Most articles here at Sprout Insights offer advice and recommendations about managing your brand’s social media presence. Facebook, Twitter, Pinterest, and their ilk are important for building connections with customers and broadly sharing information about your business.

But more and more companies are realizing that while public social media has many benefits, there are also perks to implementing a smaller, private network just for your brand. These perks range from improvements in everyday work processes to intangible changes, such as better bonds among your employees. Here are a few reasons why an internal social network is worth considering.

Talking Over the Distance

An internal social network can have the most noticeable impact on businesses with employees spread across large distances. That could be an enterprise company with branches in different cities, or an online venture with people contributing from different places. Internal social networks are more timely than emails and require less infrastructure than conference calls, so your whole staff can stay on top of assignments — even when there are last-minute changes or updates.

Even if you run a local office, adopting an internal social network means your employees can work remotely without going incommunicado. This flexibility can be an excellent benefit for your team members. Researchers have investigated the impact of working from home, and many have determined that for certain jobs and tasks, being remote makes for happier, more productive employees.

In any situation, internal networks mean fast communication. That’s a key to keeping your team connected and efficient, no matter what the size of your company.

Creating a Digital Corporate Culture

Many enterprise business applications are focused on the work side: managing tasks, connecting departments, and supporting customers. However, it’s just as important to encourage some focus on the relationships and interactions among your staff.

We’ve addressed the importance of making conscious choices to develop your company culture, and the decision to implement a social network can be a part of that. It creates a framework for how your employees interact, and your policies for their interactions will go a long way toward setting the tone of your workplace.

Since social networks are the medium for so many of us to communicate in our personal lives, it makes sense to have dedicated systems for our business lives as well. It’s a practice that is becoming more and more familiar, and is clearly not a passing fad. Giving your team an internal network allows them to work better, but also encourages them to be truly social. Making communications easy, and at times, fun, can make for stronger work relationships. Ideally, that means your team will be more comfortable and more productive when working together.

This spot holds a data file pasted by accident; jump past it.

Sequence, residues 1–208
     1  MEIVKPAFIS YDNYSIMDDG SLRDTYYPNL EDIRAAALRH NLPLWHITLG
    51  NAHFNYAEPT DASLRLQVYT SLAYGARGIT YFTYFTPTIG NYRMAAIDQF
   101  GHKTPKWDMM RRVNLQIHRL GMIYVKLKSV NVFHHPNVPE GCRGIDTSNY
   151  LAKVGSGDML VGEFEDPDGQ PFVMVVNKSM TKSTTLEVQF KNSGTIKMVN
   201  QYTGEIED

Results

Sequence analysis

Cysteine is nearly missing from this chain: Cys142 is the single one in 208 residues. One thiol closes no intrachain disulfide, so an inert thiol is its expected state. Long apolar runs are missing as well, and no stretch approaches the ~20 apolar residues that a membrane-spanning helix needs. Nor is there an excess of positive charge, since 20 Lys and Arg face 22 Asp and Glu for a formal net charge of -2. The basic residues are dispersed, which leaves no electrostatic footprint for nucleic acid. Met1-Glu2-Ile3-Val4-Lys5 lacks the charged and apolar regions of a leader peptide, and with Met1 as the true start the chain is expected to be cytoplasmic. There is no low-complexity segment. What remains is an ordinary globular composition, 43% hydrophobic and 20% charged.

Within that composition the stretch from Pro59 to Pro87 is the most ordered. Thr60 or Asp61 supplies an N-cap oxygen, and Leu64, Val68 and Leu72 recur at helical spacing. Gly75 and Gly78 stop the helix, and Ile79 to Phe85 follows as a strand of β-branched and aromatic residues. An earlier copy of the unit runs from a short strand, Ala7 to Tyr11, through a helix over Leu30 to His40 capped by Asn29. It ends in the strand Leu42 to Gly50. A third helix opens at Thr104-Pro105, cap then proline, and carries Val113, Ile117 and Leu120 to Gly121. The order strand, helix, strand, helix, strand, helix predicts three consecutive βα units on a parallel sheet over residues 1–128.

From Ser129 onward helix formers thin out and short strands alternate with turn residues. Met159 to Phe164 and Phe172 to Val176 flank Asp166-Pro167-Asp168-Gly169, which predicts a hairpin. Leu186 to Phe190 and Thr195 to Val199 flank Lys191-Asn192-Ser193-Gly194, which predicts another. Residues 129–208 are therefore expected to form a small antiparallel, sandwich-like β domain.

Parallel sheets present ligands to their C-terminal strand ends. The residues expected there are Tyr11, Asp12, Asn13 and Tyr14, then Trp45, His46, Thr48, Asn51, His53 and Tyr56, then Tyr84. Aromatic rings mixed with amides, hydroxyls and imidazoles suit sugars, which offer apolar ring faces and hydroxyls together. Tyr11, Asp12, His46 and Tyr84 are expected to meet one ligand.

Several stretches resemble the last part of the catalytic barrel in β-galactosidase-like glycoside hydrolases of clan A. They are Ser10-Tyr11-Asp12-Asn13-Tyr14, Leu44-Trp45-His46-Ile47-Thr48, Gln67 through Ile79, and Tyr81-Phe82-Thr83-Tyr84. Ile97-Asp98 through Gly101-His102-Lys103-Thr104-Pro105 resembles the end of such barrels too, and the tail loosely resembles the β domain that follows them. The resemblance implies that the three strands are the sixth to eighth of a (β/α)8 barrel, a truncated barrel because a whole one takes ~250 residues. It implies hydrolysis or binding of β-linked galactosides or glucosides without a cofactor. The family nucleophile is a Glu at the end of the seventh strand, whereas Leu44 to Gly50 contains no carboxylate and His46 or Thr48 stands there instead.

It’s Fast Becoming the Norm

We usually suggest caution before blindly jumping on a new social media bandwagon, but the idea of an internal social network for companies is no longer new. In fact, it’s an industry on the rise, and the proof of its benefits for business is in the numbers. For example, the International Data Corporation predicts revenue of about $4.5 billion for enterprise social by 2016.

Sprout Insights got to chat with Maria Ogneva, director of community at Yammer, about how enterprise social media works in a company setting. She said that social networks are becoming so integrated into daily life that it may turn into a basic component of business. “We see a future where social business is just going to be called business,” she said.

Whereas public social media is dominated by a handful of platforms, there are many companies vying to serve businesses with internal networks. That means you can look for an option that offers the exact features you need and will best serve your team. That may mean fewer new productivity apps and systems for your staff to learn. With the ability to customize and to streamline your communications, it makes sense for businesses to adopt some form of internal social network.

Does your business have an internal social network? Let us know in the comments!

[Image credits: lululemon athletica, Victor1558, Ed Yourdon, Phil Campbell]